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January 17, 2021

A school that survived terrorist attacks succumbed to Covid-19


January 17, 2021

The low-fee Naunehal Secondary School in Karachi’s District West emerged thrice after being bombed by terrorists, but the financial crunch caused by the Covid-19 pandemic has forced it to be shut down permanently.

Located near Kati Pahari in Islamia Colony, the school had been reopened in October 2019, six years after terrorists had forced it to be closed over co-education.

Ignoring the Tehreek-e-Taliban Pakistan’s (TTP) initial threats, the school’s owners Abdul Waheed and Syed Latif had continued running the educational institution with the same unwavering dedication.

A few days later, however, TTP terrorists bombed the school, causing severe injuries to Latif. “At the time the incident took place in 2012, I was inside the school discussing the TTP’s threats with my friend Waheed,” recalls Latif.

After being injured in the bomb attack, Latif decided to leave the city. His friend Waheed, however, was unwilling to let terrorists gain any ground. He persisted amid the threats until 2013.

In May that year, the school was again attacked by terrorists. This time Waheed lost his life while his younger brother and daughter suffered injuries.

“At that time, Islamia Colony was a Taliban stronghold, and the law enforcement agencies were also helpless against them, which is why the attackers easily escaped.”

The school management tried to reopen the school four days after Waheed’s murder. But the Taliban attacked it for a third time with a hand grenade. Fortunately, no loss of life was reported in the incident. The school, however, remained closed for almost six years after that.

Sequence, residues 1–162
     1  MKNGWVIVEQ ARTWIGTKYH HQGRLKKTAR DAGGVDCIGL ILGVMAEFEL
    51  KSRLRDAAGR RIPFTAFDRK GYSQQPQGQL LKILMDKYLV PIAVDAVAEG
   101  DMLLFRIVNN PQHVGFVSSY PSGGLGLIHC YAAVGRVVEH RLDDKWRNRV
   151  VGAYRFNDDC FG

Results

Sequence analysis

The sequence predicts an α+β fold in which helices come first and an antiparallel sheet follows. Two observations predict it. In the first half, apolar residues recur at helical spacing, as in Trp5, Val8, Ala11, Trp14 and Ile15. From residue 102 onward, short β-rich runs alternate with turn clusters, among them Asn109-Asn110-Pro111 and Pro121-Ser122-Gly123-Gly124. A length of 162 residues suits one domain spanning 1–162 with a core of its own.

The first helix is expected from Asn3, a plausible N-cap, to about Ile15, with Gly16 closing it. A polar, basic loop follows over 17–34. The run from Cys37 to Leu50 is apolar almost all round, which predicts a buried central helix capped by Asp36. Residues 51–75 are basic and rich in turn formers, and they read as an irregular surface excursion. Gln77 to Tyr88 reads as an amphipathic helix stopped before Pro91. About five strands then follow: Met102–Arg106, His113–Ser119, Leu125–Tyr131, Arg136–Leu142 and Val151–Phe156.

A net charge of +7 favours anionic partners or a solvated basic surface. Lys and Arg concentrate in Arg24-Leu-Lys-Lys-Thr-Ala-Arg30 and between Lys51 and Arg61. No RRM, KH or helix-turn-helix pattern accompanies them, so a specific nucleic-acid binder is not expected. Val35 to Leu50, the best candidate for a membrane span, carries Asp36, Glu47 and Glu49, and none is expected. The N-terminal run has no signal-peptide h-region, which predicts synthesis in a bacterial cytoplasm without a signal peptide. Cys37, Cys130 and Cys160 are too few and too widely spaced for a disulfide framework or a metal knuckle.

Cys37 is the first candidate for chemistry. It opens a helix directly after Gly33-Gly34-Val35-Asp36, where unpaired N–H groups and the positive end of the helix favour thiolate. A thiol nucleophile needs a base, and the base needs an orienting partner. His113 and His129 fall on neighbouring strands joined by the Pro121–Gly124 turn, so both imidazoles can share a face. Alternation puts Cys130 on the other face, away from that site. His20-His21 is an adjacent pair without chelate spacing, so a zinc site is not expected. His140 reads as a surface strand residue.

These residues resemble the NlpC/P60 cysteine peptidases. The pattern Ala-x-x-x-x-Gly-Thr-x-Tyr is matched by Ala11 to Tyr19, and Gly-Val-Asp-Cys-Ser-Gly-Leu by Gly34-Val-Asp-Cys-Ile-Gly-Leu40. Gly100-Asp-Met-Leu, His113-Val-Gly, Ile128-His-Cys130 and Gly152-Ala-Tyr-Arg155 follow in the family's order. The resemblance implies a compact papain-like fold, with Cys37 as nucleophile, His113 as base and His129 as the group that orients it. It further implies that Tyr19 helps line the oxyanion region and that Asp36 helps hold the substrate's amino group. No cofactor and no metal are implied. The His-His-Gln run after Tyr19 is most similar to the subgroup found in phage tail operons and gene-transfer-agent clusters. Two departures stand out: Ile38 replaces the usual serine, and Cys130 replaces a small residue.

Latif returned to the city in 2016 and started social work, as the law enforcement agencies had already cleared the area of terrorists. “I reopened the school and approached parents to send their children, but very few of them agreed.”

He could hardly manage to run the school because more funds were needed for the institute’s smooth operation. In 2018, however, some philanthropists promised him funds to run the school.

After the assurance of the donors, Latif inaugurated the school again in September 2019, bidding farewell to the tragic past to welcome the future. But a new beginning was not so easy.

On February 26, 2020, the government ordered all educational institutions in Sindh to be closed after Pakistan’s first Covid-19 case was reported in Karachi. The pandemic came at a time when Latif and his team were about to make a fresh start.

He runs the school for no profit. Around 10 per cent of the students receive free books, stationery and uniform, while only 50 per cent of the parents pay a nominal fee.

“I’m not interested in making money from the fees. The amount we collect barely meet the expenses, including salaries of staff members, payment of utility bills, and maintenance and other expenditures.”

The donors provided financial support from September 2019 to September 2020, but the administration of the school once again ran into financial troubles because of the second wave of Covid-19. “It’s quite embarrassing for me to approach the donors for funds again and again. I have decided to shut down the school.”

While Latif isn’t happy about the announcement, he has no other choice. “I can’t bear to see the school that Waheed and I had started in 2004 to be closed forever.”

He said that it wasn’t an ordinary school. “It’s a place where my friend took his last breath, where many of our loved ones and blood relatives suffered threats and injuries — it will remain a sad chapter of my life.”

Latif’s school is not the only educational institution that has been closed forever due to financial constraints caused by the pandemic. Some 300 low-fee private schools have been shut down permanently in Karachi alone.

The All Private Schools Management Association (APSMA) and the All Sindh Private Schools & Colleges Association (ASPSCA) said that a majority of these schools had been running in underprivileged areas of the city.